Empowering city residents
He traipsed around the Otumoetai-Pyes Pa ward visiting more than 4000 households in the local body elections. He didn’t win a Tauranga City Council seat – now he’s trying to educate residents on how they can get involved and have their say at council. Why?
“It came about because I heard from so many people – and it was frustrating to me – that they didn’t bother to vote,” says Sheldon Nesdale.
“They’d have the voting documents right there – on the kitchen bench – but there’s this feeling that once you pick it up you have to do the research because mostly they are strangers on the list.
“And you really feel like you should know these people before you vote for them. So, they [would-be voters] haven’t got enough [knowledge] to tick those boxes.”
Sheldon is now using his former campaign website to post videos teaching Tauranga residents about civics, and how to get involved in local government decisions.
“People might not know what civics means – basically, it is the study of government,” says Sheldon, who admits he’ll run in the next local body elections three years away – and possibly next year’s General Election. “Although I’m unsure for which party yet.”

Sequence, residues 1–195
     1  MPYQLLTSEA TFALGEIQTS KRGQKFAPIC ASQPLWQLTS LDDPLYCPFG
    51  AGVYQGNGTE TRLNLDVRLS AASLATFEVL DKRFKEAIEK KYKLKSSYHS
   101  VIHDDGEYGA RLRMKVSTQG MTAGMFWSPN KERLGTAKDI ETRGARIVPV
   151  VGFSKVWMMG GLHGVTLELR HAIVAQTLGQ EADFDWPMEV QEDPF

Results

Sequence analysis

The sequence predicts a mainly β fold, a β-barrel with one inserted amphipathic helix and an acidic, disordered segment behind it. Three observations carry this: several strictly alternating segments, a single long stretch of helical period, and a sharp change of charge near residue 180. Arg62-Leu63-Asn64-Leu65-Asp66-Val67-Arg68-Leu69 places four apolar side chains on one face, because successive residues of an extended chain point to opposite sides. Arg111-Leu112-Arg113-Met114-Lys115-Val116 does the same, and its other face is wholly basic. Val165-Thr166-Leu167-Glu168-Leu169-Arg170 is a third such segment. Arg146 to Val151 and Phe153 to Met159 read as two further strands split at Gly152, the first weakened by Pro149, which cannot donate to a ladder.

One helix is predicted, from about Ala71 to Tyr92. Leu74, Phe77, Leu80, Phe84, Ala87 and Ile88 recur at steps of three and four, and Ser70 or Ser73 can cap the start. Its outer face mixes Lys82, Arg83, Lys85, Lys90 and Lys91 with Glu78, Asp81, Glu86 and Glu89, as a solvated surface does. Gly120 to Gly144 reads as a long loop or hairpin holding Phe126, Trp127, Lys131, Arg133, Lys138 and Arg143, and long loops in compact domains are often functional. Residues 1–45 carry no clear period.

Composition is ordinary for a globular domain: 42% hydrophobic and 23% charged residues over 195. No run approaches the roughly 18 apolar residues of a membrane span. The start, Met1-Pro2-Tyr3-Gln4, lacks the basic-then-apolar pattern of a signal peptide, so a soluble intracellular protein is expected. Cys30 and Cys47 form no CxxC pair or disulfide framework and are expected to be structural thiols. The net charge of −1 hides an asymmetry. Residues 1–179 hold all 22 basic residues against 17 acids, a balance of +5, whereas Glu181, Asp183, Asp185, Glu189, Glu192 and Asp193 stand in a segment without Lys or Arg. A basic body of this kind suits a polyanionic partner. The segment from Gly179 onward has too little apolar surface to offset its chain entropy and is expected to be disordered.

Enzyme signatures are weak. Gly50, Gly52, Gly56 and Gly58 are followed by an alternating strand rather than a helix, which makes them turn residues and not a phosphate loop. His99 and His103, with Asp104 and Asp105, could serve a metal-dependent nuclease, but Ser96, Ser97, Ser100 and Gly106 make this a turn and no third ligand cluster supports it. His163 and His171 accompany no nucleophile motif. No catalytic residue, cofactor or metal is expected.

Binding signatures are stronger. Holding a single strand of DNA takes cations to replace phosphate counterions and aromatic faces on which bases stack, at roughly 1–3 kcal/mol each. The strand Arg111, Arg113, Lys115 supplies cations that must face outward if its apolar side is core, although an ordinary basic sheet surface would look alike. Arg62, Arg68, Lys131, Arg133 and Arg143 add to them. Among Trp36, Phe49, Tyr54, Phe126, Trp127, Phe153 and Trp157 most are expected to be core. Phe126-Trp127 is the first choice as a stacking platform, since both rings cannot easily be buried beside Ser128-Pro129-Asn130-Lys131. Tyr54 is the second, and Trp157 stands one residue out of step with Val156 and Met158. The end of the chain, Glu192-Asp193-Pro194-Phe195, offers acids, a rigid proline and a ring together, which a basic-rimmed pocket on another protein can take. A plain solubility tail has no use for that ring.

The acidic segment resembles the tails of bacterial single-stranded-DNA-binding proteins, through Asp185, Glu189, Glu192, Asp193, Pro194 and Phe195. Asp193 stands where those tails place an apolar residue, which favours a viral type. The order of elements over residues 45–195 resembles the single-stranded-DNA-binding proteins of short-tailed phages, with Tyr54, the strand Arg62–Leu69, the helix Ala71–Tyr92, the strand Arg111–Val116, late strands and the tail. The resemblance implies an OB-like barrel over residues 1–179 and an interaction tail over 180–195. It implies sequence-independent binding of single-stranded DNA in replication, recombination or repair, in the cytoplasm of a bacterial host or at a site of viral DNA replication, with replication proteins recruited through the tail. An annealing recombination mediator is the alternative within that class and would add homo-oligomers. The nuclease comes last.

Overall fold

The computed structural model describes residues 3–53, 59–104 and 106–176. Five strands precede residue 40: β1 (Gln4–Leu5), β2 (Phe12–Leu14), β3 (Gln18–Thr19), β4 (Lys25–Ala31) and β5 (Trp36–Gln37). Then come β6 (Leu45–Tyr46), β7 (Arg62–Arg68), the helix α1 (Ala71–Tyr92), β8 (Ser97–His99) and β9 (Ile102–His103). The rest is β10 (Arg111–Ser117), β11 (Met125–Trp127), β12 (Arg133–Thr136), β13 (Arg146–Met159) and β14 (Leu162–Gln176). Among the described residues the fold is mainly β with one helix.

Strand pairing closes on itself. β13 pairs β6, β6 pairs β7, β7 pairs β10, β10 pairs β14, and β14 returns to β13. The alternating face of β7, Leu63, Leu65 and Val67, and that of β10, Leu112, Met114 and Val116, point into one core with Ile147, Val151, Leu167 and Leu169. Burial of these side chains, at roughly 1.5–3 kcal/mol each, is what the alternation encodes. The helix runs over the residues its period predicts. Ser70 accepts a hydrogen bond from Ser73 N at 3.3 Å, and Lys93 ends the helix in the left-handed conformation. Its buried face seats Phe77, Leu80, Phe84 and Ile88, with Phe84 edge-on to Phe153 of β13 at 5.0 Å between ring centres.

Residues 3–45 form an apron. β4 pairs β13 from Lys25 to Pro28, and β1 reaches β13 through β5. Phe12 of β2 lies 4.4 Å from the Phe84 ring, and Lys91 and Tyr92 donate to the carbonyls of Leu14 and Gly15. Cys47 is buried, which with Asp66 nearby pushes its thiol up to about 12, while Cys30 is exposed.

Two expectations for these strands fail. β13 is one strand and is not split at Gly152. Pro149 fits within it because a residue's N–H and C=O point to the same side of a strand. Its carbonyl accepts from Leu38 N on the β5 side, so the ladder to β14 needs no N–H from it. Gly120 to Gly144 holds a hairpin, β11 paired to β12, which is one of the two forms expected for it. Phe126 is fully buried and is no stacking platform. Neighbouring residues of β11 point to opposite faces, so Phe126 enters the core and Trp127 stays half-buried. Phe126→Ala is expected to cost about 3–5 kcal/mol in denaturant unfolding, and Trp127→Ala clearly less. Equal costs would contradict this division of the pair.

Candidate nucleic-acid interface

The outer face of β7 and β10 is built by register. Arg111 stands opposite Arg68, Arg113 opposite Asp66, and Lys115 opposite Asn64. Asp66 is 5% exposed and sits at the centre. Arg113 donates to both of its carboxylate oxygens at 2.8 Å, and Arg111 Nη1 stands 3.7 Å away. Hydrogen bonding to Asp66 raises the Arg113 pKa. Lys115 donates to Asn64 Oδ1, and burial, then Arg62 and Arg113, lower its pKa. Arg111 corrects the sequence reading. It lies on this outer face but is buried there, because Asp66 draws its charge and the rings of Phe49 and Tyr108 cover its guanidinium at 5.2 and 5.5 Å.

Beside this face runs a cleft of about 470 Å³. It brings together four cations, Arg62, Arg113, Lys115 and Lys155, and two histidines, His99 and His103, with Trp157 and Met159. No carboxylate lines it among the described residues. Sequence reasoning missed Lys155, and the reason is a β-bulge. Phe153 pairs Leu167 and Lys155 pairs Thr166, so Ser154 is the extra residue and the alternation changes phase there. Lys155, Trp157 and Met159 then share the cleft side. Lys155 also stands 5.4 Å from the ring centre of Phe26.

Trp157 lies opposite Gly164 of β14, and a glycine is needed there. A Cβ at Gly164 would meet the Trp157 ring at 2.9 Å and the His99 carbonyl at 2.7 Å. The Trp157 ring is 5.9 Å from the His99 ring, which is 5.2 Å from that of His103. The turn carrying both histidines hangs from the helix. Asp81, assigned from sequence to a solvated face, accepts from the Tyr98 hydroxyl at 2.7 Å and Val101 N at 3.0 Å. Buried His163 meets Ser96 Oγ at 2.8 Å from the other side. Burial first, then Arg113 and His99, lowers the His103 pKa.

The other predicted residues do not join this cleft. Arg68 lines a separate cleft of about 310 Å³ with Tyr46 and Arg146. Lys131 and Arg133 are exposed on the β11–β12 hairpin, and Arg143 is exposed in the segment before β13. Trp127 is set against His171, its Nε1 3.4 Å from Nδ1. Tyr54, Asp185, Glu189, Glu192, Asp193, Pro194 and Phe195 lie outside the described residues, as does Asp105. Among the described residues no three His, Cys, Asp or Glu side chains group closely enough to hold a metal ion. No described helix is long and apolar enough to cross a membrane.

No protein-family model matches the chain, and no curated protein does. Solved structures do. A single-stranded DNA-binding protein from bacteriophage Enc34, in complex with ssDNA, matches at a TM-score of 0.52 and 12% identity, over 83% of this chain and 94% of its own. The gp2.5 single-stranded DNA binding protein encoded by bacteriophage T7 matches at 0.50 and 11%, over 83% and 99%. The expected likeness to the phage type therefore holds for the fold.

So far his five videos cover: how the region’s three councils work; what city councillors talk about and how to go and watch them; how rates invoices work; what services rates pay for; and how people can have input into TCC decisions.
The last offering – ‘How can I have input into Tauranga City Council decisions’ – really strikes a chord with Sheldon.
“I’ve listed eight ways in which people can do something – from lest effective to most effective.”
“Number one is turn up in person. People don’t know this, but for every council meeting there is 15 minutes set aside at the start where anybody from the public can talk about anything they like.”
“I think that’s marvellous – your topic doesn’t have to be on the agenda, you just give a few days’ notice, turn up, and speak directly to councillors and the mayor all at once and say your thing.”
“Often I’ve heard people’s comments come back into discussion later on when councillors are talking about the topic.”
So is Sheldon doing this to empower people? Or is he rebuilding his reputation?
“It was frustrating when people complained to me council was out of touch, and it felt so hard to get involved and have a say.
He was also frustrated when the voting statistics come out. “Because people like me go to a huge amount of effort [in campaigning] and then 62 per cent of people don’t hand their forms in.
“I think it’s because we’re all focusing on that three to six week period of elections, where it’s all happening, then it’s not in anybody’s minds anymore.
Sheldon thinks as citizens we should take a bit more interest, “So we have a say.”
To take an interest visit www.Iamlistening.co.nz to see Sheldon’s videos.